1/2 to 1lb ground veal, beef, or turkey
1 large onion, chopped
several cloves of garlic (to taste), chopped
1 large carrot, finely chopped (optional)
1-3 stalks celery, finely sliced (optional)
1/2 each, green and red bell pepper, chopped (optional)
1-2 hot peppers (jalapeño, serrano, habanero, to taste)
1 small can Old El Paso Chopped Green Chilies
3 tbsp cooking oil (olive, canola)
2 lg cans (28oz each) mixed beans (5-6 types), or 5 cans (14oz each) of any combination beans, such as:
– great white northern
1 lg can (28oz) peeled whole tomatoes
2 bay leaves
spices to taste:
1 tsp chili powder
1/4 teaspoon each: sweet basil, oregano, curry
pinch or more of cumin, cayenne pepper
salt and pepper, to taste
In a suitably-sized French oven or stock pot on medium-high heat, sauté the ground meat in oil until half cooked, breaking up clumps to taste. Continue cooking and add onions, carrots, celery, bell pepper, and garlic. Cook these with meat until tender and until meat is well-browned and juices have been reabsorbed (carrots should pierce easily with a fork). Drain canned beans, reserving liquid to control desired thickness of mixture. Add to meat and vegetables all beans and tomatoes (diced a bit with a knife while they are still in the can) and the can of chopped green chilies. Once it comes to a simmer (not a full boil), lower heat and add the herbs, spices, salt, and pepper. Let simmer about an hour or until desired consistency has been reached. This will depend on how much liquid is in the canned beans and how runny the tomatoes are.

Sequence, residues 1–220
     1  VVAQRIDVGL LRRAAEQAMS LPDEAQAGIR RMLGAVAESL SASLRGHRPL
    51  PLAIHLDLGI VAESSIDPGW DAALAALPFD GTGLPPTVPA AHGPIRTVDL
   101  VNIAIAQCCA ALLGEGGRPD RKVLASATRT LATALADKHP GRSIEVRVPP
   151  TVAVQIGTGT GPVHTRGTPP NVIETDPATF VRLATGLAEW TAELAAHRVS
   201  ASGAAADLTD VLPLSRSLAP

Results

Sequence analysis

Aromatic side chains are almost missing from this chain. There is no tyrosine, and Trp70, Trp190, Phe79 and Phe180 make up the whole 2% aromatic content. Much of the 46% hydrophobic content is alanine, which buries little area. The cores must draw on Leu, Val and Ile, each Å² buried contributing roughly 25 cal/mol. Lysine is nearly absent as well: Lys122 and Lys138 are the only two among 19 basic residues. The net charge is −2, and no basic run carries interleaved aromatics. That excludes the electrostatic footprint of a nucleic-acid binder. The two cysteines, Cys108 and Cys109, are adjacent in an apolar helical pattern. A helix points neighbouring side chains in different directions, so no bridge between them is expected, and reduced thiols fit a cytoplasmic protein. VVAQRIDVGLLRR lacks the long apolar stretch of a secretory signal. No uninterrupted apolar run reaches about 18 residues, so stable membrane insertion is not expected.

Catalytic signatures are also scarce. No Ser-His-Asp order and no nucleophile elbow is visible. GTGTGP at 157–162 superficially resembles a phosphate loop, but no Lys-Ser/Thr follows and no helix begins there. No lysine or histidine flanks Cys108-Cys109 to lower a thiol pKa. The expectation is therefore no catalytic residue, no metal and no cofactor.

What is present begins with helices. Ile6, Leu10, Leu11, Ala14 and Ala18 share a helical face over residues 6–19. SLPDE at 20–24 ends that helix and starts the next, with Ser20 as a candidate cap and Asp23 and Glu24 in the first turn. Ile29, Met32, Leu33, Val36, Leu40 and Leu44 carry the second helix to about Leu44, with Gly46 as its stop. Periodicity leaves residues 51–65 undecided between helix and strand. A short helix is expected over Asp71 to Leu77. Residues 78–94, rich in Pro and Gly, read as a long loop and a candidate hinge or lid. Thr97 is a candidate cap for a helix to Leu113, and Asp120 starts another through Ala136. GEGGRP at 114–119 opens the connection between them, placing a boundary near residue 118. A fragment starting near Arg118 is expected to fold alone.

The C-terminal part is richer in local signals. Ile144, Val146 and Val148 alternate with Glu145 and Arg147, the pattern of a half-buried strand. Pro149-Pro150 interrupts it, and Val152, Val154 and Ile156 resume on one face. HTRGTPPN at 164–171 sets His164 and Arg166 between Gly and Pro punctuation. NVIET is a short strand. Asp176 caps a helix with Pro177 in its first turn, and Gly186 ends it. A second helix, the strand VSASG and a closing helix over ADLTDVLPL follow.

The recipe above is mostly as my father wrote it, though I’ve corrected a few omissions and made a few clarifications to accurately reflect how I usually make it. I often make a double batch in a stock pot, as it freezes very well. I used to make it with beef, but prefer turkey nowadays. The selection of beans is also a matter of personal preference – for example, I almost never use lentils. I buy Goya-brand beans, from their premium line (not the low-sodium line), and add all the liquid from the cans in; results may vary with other brands. I keep a close eye on the chili during the final simmering step, and stir frequently (every 2-3 minutes) until I get a feel for how easily it starts to stick to the bottom at the particular simmer temperature I’m using. When stirring after every few minutes, the beans will have settled since the last time it was stirred, so I start from the top of the pot to re-homogenize/loosen the mixture gradually, and slowly work my way down to stirring the bottom to avoid breaking the beans as much as possible (if you start stirring from the bottom before loosening up the top, the beans will come under much more pressure and will likely turn to mush).
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